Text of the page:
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Stocks

China brokerages plan Hong Kong debuts to tap mainland rebound

Hong Kong is seen as an attractive place to list shares for Chinese brokerages.

HONG KONG -- A number of Chinese securities companies have their sights set on dual listings in Hong Kong, which could help turn a return of foreign capital to China's equities market into sizable gains.

As of mid-May, three brokerages already listed in Shanghai -- China Merchants Securities, Orient Securities and Everbright Securities -- had completed applications to list on the Hong Kong stock exchange, the bourse here said. Everbright could make its debut as soon as June.

Huatai Securities and GF Securities found success when they listed here in 2015. Huatai raised 33.9 billion Hong Kong dollars ($4.36 billion) with its June debut -- the largest of the year.

The latest listing plans come amid speculation that yuan-denominated stocks on the mainland could soon be included in the MSCI Emerging Markets Index, a benchmark for investors around the world. The Hong Kong and Shanghai bourses already feature a stock connect system allowing investors in either location to trade on both markets through local securities companies. A similar link between Hong Kong and Shenzhen is set to come online soon, further boosting expectations that foreign capital from Hong Kong could surge into the mainland.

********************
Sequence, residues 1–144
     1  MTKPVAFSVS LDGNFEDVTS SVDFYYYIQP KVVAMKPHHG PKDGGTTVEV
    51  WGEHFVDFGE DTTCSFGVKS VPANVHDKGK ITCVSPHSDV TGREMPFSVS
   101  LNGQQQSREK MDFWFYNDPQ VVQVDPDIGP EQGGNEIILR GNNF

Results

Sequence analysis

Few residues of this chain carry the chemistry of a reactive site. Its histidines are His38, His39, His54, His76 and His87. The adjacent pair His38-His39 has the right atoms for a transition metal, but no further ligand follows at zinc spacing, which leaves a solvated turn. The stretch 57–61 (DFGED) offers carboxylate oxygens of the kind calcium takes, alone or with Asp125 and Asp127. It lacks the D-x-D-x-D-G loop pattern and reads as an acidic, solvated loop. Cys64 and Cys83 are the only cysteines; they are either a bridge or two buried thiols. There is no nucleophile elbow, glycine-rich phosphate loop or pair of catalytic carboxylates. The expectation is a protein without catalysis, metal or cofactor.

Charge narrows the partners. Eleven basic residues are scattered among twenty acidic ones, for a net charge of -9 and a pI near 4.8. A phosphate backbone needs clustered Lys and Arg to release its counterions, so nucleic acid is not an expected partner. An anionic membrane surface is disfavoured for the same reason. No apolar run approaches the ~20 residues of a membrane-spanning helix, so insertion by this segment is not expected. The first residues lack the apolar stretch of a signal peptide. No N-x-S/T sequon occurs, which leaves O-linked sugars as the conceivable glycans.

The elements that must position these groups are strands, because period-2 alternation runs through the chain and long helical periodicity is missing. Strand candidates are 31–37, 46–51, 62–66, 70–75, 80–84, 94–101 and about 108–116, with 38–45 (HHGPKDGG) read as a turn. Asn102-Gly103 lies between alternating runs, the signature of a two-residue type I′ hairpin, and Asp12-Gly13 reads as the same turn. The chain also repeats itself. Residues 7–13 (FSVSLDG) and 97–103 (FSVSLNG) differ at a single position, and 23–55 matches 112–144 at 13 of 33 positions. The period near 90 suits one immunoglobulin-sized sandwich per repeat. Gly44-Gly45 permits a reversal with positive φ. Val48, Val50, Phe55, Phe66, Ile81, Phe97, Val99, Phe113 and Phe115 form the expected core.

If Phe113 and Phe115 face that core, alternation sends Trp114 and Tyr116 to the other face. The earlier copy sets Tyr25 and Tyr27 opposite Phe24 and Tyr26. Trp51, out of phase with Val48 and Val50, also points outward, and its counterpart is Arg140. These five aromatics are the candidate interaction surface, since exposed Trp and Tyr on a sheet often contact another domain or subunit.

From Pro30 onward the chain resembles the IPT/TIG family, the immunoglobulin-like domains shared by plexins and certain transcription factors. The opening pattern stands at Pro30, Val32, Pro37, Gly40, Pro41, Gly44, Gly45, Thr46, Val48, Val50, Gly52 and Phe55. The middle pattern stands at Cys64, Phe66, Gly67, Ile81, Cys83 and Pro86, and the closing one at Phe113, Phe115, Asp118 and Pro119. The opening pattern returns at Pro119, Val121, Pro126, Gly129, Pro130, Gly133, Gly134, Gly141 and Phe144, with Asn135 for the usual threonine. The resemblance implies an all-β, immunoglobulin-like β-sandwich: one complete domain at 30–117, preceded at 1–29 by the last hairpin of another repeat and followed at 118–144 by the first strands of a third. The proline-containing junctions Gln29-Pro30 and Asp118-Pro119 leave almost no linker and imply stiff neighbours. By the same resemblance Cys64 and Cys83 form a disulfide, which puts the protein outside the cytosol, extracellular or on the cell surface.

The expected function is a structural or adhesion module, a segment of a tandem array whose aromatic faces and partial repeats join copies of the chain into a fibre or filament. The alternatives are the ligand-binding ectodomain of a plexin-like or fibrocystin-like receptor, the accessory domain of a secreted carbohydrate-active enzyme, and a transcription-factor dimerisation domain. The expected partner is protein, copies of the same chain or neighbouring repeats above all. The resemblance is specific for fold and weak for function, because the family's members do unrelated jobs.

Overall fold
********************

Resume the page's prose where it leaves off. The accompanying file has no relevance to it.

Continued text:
A successful listing under the Hong Kong bourse's globally recognized standards would boost securities companies' creditworthiness, making it an important step for mainland brokerages looking to snag some of the inbound foreign capital.

Still, some are doubtful about the wisdom of listing. Circumstances are different now than they were through last year, said Patrick Pun, chief investment officer at Astrum Capital Management. Huatai Securities debuted during a period of unprecedented activity on China's equities market. The crash that followed sent stock prices on the mainland and in Hong Kong into free-fall, leaving turnover at multiyear lows.

Some expect that a surge of buying by investors in index funds and other instruments could spur a turnaround if stocks on the mainland market are in fact included in the MSCI index. But China's ongoing economic deceleration means even that inclusion is not guaranteed to bring capital back, an asset manager for Victory Financial Group said. Capital flight from Hong Kong to the U.S. could also pick up speed as that country continues to hike interest rates, Pun noted. A number of hurdles stand in the way of brokerages' success, however carefully planned.

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